They may not look alike, but a huge genetic study now finds these five disorders share common gene-based risks.
Four genetic differences appeared to increase the risk of all five disorders. Two genes were involved in the balance of calcium in the brain.
Still, hundreds of genes and the environment are likely to affect the odds of developing such conditions. This won't help doctors figure out who is likely to develop one of these disorders, but are still helpful, doctors say.
"These may be clues to developing new treatments that so many patients with these major psychiatric disorders could often benefit from. So one of the things it tells us is number one the fact that we sometimes use the same treatments across these five disorders or at least several of them is not as illogical as some have said," Dr. Ed Cook, child psychiatrist, UIC, said.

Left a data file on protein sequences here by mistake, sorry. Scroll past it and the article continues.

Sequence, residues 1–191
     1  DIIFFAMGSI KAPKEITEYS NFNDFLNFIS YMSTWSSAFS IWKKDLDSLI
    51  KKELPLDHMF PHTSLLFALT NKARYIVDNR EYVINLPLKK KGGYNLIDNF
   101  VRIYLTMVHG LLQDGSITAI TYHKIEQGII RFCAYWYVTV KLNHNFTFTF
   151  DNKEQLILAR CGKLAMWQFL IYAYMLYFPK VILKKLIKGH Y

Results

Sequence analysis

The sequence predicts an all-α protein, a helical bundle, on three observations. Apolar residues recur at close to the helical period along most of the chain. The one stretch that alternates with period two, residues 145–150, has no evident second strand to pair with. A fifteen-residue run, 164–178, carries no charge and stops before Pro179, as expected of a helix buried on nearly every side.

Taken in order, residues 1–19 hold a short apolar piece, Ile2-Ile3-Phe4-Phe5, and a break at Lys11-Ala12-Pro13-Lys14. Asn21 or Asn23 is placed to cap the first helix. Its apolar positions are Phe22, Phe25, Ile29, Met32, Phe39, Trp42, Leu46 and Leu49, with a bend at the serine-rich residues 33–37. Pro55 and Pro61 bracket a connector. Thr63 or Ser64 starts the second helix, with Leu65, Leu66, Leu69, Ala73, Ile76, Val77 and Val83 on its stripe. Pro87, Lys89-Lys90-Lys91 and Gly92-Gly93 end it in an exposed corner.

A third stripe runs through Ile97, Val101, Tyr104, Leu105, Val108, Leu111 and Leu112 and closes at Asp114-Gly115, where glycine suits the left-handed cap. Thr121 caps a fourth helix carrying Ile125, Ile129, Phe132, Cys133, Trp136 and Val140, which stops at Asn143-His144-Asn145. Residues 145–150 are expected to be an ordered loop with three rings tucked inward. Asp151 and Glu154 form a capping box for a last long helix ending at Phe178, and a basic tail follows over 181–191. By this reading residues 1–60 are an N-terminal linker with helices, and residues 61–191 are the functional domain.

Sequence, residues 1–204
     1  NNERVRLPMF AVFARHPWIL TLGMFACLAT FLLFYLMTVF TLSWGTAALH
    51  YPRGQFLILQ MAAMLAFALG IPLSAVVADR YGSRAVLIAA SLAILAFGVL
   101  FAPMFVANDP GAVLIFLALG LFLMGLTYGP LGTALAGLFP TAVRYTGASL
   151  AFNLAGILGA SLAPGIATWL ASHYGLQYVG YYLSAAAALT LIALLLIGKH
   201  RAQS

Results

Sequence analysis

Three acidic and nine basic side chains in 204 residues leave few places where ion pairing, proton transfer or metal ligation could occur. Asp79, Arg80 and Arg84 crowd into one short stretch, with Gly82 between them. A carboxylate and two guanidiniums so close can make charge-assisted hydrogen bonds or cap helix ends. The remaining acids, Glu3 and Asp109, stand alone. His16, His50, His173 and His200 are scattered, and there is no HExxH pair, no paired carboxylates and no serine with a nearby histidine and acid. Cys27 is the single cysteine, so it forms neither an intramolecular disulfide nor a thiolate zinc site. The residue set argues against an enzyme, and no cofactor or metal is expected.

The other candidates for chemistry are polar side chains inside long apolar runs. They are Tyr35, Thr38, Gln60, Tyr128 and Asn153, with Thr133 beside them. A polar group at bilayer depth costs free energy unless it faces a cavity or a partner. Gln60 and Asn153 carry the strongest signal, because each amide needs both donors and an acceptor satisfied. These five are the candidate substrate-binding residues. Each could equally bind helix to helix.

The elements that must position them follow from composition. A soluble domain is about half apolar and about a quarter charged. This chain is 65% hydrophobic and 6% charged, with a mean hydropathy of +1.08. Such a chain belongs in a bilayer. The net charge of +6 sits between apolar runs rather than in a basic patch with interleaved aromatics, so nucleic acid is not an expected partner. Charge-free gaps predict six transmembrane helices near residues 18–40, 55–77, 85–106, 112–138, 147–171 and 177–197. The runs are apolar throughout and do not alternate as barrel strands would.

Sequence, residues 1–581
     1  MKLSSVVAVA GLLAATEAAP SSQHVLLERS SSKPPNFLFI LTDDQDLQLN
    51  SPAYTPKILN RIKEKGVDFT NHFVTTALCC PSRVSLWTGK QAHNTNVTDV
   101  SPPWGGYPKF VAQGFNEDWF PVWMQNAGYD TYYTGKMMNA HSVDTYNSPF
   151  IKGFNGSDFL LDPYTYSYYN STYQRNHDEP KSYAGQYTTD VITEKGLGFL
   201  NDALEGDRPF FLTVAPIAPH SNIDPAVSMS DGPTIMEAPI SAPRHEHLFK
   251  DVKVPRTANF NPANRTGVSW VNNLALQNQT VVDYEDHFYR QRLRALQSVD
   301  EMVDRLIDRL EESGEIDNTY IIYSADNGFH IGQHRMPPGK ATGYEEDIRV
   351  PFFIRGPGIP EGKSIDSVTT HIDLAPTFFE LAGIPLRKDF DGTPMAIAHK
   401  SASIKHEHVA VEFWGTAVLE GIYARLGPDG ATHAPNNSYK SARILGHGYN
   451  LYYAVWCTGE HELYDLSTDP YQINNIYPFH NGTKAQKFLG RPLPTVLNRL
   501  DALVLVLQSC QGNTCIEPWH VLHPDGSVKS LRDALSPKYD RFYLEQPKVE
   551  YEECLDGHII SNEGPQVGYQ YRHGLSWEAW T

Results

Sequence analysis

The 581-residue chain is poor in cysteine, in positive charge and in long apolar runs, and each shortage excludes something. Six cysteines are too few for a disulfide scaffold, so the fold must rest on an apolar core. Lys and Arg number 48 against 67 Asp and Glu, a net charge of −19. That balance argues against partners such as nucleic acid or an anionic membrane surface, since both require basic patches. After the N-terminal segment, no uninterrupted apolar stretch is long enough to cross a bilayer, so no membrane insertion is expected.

UIC child psychiatrist and researcher Ed Cook helped contribute to this study, which is in the Lancet Medical Journal.